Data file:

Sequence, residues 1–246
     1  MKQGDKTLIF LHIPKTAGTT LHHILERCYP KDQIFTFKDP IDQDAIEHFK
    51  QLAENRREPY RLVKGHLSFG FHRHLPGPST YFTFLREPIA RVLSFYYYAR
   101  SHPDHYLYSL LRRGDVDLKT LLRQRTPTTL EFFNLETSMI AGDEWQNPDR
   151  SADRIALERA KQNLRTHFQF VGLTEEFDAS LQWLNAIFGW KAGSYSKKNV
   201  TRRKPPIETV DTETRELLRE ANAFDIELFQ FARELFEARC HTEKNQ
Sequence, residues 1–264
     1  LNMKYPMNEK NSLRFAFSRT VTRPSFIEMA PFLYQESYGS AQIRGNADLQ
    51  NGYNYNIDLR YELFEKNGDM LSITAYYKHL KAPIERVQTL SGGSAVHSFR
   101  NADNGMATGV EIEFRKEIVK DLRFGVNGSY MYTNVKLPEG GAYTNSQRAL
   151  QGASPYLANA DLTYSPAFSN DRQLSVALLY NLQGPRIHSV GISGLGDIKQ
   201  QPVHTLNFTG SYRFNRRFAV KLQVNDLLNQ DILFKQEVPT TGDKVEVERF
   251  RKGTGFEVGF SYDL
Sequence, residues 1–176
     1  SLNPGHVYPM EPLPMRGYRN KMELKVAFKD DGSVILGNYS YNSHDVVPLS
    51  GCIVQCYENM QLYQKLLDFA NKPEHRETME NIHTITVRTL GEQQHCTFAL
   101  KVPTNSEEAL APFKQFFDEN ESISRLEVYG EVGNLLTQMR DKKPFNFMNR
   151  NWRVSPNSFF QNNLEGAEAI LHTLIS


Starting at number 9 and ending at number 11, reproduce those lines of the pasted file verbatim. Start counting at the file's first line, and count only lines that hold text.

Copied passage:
    51  NGYNYNIDLR YELFEKNGDM LSITAYYKHL KAPIERVQTL SGGSAVHSFR
   101  NADNGMATGV EIEFRKEIVK DLRFGVNGSY MYTNVKLPEG GAYTNSQRAL
   151  QGASPYLANA DLTYSPAFSN DRQLSVALLY NLQGPRIHSV GISGLGDIKQ